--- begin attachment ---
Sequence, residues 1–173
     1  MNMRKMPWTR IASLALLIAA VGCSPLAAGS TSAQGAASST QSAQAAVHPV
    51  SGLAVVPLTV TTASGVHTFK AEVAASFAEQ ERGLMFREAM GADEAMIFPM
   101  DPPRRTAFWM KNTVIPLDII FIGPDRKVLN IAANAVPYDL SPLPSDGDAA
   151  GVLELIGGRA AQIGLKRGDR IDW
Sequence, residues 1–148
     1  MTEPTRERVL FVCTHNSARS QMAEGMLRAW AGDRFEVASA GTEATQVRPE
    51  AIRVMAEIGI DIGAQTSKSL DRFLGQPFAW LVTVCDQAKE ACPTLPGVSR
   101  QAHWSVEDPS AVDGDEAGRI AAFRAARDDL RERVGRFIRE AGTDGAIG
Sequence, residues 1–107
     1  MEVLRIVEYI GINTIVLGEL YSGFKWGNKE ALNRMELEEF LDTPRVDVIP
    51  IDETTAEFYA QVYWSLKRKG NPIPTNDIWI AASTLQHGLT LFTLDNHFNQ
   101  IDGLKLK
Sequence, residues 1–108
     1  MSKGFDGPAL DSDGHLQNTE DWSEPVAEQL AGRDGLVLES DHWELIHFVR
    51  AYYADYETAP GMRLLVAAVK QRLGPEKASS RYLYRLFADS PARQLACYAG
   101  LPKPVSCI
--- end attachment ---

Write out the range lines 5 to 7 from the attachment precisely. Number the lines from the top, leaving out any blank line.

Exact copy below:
   151  GVLELIGGRA AQIGLKRGDR IDW
Sequence, residues 1–148
     1  MTEPTRERVL FVCTHNSARS QMAEGMLRAW AGDRFEVASA GTEATQVRPE